The Eye followed the rusty-skin fall leaves collapse on their damp-green bed. Razors cut plum clouds, opening a show of sepia sky. To Clove smoke ashes eyes danced, lips dry, exhales of industrial amounts of smoke.

Outside, on the faded deck behind his family’s house, is where the Eye spent most of his time, smoking and reading. The mind was coated with increasing Agoraphobia. The mind? No, he was not a Dualist. His vision of Dualism is that it is tantamount to an ignorance of walking. Hitting a baseball with an invisible bat is impossible, as it goes against the laws of physics, which the Eye was very familiar with from his readings. He concluded in a Philosophy 101 manner at a young age that immaterial couldn’t causally interact with the physical, which is what the Eye is.

Vapid days at home, in a jail cell of a room, both in size and familiarity, had insidiously skated into the Eye’s view. A simple interaction to buy fast food was out of the question. When the Eye walked, not drove, to get smokes, alcoholic-like shakes multiplied by the hundreds paralyzed him—he had no control over the consternation and quaver his body drugged him with at any given time.

The worst scene was the classroom. For the Eye it was a divan of portentous figures and military eyes. Befriending anyone was out of the question. On occasion, the Eye was lucky enough to have competent and genius teachers who were congenial. However, University was both an asylum and frightening. It was where, for the large part, the ‘normal’ person went with the occasional pretentious photography student or a mother in her forties who just discovered literature—or discovered enough cash to attend classes.

The parking price at his University alone is a quarter of the average man’s paycheck. The Eye couldn’t grasp the parking logic, and wrote letters to the transit company as to why students had to pay for parking when they, the transit company, did not provide security and were a corporation of their own, separate from the University. He received no replies and in his last semester skipped the payment and had a nice piece of paper slipped under his windshield wiper after one class, a paper that accidentally was cast into a puddle. A notice was sent to him by mail and was, too, accidentally lost in the trash. Disregard: the ultimate sacrifice and solace.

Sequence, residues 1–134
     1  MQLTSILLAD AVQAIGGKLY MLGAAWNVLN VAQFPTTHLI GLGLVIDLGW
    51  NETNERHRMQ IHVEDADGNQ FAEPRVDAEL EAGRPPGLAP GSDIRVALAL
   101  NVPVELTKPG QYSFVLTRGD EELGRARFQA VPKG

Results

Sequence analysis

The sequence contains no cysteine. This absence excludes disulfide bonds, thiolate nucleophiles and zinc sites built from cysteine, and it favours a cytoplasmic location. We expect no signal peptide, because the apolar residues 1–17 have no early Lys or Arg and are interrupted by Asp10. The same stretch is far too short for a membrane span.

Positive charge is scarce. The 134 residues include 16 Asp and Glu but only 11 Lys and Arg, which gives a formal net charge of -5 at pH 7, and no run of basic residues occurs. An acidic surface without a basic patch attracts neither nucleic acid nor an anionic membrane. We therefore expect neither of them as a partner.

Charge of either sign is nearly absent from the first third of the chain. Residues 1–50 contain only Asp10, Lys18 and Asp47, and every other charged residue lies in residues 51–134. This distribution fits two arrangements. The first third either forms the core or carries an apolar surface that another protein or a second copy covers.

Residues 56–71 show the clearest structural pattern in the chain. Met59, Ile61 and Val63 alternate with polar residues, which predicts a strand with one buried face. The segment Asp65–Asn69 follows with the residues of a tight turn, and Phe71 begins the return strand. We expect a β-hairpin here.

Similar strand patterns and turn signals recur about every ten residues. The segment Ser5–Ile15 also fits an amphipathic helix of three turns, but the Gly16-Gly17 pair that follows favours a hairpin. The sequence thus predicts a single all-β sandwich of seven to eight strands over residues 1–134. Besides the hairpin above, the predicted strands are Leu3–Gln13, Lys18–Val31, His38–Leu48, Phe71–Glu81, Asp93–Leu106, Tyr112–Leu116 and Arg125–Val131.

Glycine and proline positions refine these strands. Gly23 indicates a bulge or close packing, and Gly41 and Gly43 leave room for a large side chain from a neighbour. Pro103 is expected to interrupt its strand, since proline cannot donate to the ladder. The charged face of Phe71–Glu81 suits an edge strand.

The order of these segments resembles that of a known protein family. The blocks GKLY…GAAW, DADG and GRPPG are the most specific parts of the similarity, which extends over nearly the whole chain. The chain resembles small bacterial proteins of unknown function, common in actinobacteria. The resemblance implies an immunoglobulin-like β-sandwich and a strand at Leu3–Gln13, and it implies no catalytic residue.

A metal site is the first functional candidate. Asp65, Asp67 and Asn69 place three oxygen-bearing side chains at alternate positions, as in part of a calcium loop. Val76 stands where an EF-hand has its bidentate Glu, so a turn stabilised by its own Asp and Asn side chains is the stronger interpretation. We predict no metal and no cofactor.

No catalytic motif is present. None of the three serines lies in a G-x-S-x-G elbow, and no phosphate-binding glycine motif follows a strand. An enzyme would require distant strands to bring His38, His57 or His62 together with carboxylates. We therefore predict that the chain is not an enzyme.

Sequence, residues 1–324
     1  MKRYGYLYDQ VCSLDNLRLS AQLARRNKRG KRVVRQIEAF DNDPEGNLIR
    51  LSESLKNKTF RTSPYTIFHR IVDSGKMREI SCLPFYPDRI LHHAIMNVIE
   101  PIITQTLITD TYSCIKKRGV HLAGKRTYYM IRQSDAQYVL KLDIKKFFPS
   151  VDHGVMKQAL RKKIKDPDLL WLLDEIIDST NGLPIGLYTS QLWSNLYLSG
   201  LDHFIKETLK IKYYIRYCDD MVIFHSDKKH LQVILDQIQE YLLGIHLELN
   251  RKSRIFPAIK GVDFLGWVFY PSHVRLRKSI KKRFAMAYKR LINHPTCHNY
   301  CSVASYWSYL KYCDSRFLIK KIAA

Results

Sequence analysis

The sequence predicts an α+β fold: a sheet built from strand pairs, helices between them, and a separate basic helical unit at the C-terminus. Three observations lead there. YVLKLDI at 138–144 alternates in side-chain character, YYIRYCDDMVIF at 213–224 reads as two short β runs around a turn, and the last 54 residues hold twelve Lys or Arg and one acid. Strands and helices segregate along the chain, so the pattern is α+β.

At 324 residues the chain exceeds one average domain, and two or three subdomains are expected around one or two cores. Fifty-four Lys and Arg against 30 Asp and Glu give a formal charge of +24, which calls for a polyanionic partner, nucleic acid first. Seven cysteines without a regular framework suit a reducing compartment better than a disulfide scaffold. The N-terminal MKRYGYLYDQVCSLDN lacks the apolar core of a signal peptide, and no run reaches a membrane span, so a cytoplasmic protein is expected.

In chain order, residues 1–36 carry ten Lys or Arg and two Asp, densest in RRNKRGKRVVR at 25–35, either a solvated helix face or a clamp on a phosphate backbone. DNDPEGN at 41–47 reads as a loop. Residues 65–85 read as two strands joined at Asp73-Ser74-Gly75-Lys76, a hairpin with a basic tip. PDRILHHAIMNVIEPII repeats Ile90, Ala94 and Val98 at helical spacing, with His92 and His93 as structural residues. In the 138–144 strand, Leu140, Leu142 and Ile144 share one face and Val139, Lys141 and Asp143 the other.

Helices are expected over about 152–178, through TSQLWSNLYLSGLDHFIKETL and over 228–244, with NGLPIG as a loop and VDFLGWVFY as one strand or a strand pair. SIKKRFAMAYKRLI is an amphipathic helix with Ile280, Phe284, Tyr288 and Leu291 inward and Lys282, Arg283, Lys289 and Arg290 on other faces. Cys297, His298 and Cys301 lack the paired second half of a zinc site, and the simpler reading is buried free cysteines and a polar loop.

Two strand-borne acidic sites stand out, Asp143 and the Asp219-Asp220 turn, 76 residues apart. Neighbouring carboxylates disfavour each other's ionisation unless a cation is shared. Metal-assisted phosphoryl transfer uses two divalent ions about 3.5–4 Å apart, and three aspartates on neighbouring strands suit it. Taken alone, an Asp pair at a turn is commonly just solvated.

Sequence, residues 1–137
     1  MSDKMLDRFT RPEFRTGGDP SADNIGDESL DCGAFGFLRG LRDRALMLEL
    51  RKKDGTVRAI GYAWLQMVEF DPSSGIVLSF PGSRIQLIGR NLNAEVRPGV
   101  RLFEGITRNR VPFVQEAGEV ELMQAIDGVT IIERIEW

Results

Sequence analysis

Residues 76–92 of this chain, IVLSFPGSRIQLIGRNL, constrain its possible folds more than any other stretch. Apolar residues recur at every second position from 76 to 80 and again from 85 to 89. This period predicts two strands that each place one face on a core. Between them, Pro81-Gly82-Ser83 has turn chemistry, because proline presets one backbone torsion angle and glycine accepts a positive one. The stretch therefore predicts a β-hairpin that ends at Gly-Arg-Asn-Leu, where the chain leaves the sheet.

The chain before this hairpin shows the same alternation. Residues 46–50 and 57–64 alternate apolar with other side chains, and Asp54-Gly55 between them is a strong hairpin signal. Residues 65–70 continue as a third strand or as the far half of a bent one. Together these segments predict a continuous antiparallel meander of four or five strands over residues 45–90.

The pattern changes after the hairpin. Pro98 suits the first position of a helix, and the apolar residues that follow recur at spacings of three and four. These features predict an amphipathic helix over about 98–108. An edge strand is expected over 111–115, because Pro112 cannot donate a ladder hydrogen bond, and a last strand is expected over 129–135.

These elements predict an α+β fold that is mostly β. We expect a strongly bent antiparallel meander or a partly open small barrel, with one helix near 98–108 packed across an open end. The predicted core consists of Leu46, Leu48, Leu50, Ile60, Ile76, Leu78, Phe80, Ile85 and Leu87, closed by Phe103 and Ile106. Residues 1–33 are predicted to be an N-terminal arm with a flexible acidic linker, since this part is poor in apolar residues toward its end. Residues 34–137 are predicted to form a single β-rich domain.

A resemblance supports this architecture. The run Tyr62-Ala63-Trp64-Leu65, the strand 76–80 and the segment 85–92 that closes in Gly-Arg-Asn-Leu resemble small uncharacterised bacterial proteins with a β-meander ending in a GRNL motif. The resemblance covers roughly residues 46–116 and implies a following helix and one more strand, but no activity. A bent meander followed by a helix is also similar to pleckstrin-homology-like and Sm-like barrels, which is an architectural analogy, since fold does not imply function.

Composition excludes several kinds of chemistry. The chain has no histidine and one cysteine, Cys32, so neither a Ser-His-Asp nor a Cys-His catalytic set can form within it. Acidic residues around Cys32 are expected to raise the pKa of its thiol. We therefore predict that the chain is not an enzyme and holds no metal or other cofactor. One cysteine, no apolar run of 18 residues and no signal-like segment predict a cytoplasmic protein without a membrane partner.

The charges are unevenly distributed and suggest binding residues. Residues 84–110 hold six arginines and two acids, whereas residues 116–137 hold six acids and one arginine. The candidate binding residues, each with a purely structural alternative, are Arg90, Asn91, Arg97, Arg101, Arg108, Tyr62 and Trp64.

Widely said, yet deeply unknown, is that University—especially in a small Canadian town—is not a place for sex. The mass of the Eye’s University were engaged or attached to the same vapid-men they knew from high school.

The Eye had not had sex. Once, for six months at the age of fifteen, he dated a beautiful post-punk lover who denounced coffeehouses, scene kids, and treacherously winy music. She shared a love for his favorite bands and films. However, what she denounced, she folded perfectly into—the downtown coffeehouse scene, changed her t-shirts to shirts of bands she once hated, dyed her brown hair different dark shades and colors, wore fifties-style glasses she did not need and, worse, she complained about subtitles when he put an Ingmar Bergman film on. It ended with the slow metamorphosis of Kelly, who now goes by ‘Kel’.

The death of the relationship was a near death in many ways to a young Eye. While his depression was diagnosed early, he was now a sleeping spider in a web of pother. His effectuation never came and his home was his bed. No awakenings for lunch or dinner, just for tea that he awoke either from sleep or a frozen state, a peculiar feeling, like when an average person is piqued by pestilence, and instead of acting to save themselves they freeze and listen in chilly anticipation. There was no movie-story epiphany, and if there was, it was that the Eye found life meaningless, replacing his bed sheets with existential literature and philosophy books.

When the Eye left University, his father gave him one last chance, and the Eye, as his father would say, missed the goal—it was time to get a job. Yet, the Eye left University for a reason, and to keep his father jovial he dropped off resumes to workplaces he knew he was not qualified for. He was eight-credits from his B.A. in English with a minor in Sociology.

The long fall days, persistent leaves falling. Klonopin, Restoril, Halcyon, Prozac days spent in the backroom. He was taking the cure but there he lay on stained sheets and pillows with the wrong key.

Unknowingly twitching under his sheets in deep rapid-eye-movement he once dreamt of one of his Professors after exploring the inside of a small Rubik’s-cube like room. The Eye questioned something he would remember when he woke.